Category Archives: Technology

Documentation in the Digital Age

When coming from intermediate, junior and even primary grades into kindergarten, one really has to check what their expectation of “work” means. As teachers, we’re so used to children being able to express themselves through writing that it is easy to imagine what you’re going to grade. The kindergarten program, though … you need to get really creative. Giving a test? A project? Not really a thing in kindergarten.

My expectations for assessment have gone out the window since arriving in the kindergarten program. Anecdotal evidence has become my thing. Everything that the kids do is accompanied by my notes on what they did. But what can that look like in kindergarten?

Well, last year, it culminated in a lot of paper notes. I made quick and easy charts and wrote everything that the kids were saying. My teaching partner and I would sit down together at the end of the day and compare notes, and discuss what the kids had been learning about. By February, though, I had discovered that that was probably not the most effective use of the talents that I have, which is that I’m pretty techy – I began experimenting with a variety of apps (and really loved Sesame Snap), but hadn’t really gotten it down by June. So when I got a new kindergarten classroom this year, and found out that I was going to be running it all by myself, without an early childhood educator, I had to buckle down and rethink the way that I look at documentation.

I had to start by thinking: what is the most effective way that I can document? To really come down to that, though, I considered a few thing: first of all, I’m not exactly a quick writer, and found that I was struggling to really to quote the students directly because I couldn’t keep up with how quickly they spoke; second of all, my school board is moving towards using Google Apps for Education, and I wanted to join in on the fun; I also needed to find the quickest and most effective way to organize all of this documentation in a way that would make it easy for me to not only find it, but reflect on it and share it with parents; and finally, I’m pretty technically inclined, so why not use that to my advantage? Continue reading Documentation in the Digital Age

Whole Body Listening

I know that at the beginning of the year, I can only get six-eight solid minutes every carpet time out of my students, so I have to make it count. I have found that this isn’t always easy.

So this gang of sweet, great and smart kids likes to shout things, which is not uncommon in classrooms. And there was no trick that I could think of that was helping me solve that problem. I didn’t like asking them to leave our carpet, just because they shouted something out. I’m excited that they’re excited about learning. I want to capitalize on that excitement, but it’s impossible to do so when kids are just shouting over one another to be heard. They have to learn to take their turn. But of course, we forgot that they have to be taught that.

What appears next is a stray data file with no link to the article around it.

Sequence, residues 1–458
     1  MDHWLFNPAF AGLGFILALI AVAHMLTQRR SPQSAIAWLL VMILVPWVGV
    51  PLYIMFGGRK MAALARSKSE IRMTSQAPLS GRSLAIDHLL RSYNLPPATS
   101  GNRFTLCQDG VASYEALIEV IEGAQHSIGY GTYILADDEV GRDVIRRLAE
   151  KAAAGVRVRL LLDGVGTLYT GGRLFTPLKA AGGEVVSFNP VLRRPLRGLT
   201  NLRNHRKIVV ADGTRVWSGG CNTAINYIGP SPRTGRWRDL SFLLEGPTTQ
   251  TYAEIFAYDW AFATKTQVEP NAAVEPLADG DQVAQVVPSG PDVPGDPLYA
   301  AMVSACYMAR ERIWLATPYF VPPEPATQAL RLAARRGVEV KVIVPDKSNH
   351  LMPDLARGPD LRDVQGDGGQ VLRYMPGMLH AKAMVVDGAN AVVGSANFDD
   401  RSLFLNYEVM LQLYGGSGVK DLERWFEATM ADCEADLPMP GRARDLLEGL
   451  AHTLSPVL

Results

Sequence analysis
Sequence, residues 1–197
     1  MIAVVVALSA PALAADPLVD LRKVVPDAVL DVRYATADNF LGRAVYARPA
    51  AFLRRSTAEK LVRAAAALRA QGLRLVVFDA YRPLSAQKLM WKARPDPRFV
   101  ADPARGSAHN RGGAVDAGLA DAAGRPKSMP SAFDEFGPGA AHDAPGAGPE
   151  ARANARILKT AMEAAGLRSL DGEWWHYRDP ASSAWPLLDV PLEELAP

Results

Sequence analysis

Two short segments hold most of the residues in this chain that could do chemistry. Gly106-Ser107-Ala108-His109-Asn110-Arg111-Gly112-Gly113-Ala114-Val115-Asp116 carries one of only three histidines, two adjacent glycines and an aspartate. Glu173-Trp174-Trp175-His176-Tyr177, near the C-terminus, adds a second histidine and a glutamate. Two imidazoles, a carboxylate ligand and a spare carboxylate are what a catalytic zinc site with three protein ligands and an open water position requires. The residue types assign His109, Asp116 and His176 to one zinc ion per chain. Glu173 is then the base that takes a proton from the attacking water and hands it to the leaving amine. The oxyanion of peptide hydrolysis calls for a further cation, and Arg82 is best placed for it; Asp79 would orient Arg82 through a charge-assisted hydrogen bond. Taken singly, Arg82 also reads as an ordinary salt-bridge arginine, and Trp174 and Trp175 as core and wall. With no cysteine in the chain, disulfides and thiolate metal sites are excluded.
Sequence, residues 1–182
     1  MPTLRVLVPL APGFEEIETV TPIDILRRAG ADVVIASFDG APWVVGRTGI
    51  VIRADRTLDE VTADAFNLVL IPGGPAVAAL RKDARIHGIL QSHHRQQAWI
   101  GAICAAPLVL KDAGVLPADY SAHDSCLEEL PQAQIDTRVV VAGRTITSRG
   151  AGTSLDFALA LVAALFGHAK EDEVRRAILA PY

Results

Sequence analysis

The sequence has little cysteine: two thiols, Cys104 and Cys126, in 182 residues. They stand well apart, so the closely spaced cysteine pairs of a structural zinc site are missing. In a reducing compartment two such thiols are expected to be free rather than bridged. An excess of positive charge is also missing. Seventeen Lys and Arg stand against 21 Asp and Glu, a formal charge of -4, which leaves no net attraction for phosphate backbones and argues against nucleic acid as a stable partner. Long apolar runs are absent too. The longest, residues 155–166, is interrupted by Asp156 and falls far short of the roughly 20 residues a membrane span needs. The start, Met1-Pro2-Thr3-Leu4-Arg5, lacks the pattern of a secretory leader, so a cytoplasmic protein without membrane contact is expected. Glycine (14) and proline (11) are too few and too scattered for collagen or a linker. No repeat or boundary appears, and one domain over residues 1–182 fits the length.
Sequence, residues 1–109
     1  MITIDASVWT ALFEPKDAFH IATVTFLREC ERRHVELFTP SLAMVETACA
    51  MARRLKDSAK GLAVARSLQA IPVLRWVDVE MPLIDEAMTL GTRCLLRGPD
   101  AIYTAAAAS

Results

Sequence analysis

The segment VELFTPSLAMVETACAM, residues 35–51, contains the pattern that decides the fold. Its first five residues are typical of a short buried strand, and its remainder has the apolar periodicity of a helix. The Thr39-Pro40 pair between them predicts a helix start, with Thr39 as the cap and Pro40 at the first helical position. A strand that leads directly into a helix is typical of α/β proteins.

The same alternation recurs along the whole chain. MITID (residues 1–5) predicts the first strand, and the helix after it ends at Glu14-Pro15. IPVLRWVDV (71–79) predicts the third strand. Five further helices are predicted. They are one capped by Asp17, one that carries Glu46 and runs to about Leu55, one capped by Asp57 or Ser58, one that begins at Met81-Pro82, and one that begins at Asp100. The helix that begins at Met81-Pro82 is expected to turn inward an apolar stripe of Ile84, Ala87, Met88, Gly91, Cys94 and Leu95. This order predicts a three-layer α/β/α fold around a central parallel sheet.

It’s not about being “quiet”, it’s about being respectful to the fact that we need to listen and hear each other while we’re having whole group discussions. It’s about being calm so that you can really hear what someone else is saying. It’s about looking at someone when they speak, so that you can watch their facial expression.

Listening is hard. Listening is hard for adults … can you imagine how hard it is for kids that are just learning to listen?

But with the help of the Cookie Monster, it got a whole lot easier.

The video I’m embedding is called “The Biscotti Karate”, and teaches the Cookie Monster how to listen with his whole body: eyes watch; ears listen; mouth quiet; body calm. And so far, so good – it’s the most respectful I’ve seen them since we’ve started coming together for discussions on the carpet. We’re taking turns, we’re being mindful, and we’re breathing in deep. We’re listening, instead of thinking about what we’re going to say next. We’re reflecting on the words of others, which is an important part of listening.

So really, at the end of the day, the question is this: what does the Cookie Monster have that I don’t? What does he have that none of us have? Watch it to find out.

Learn To Read Chinese

I wish that this was a possibility with French characters. I’ll have to wrack my brain this summer to come up with a comparison, because I honestly think that her method of putting images to characters is so genius, and can only be beneficial, especially to my more visual learners. If anybody figures out a way, feel free to send your ideas my way! In the mean time, enjoy this really great TED talk.

How To Use ClassDojo In Core French

If you’ve been reading my blog for a little bit, you know that I raved about how much ClassDojo did for my classroom last year. It made such an amazing difference in my classroom that my entire view on rewarding and encouaging a classroom changed, and I’ve found it a struggle to switch back to life B.CD. (Before ClassDojo). So I’ve decided why mess with something that works? Continue reading How To Use ClassDojo In Core French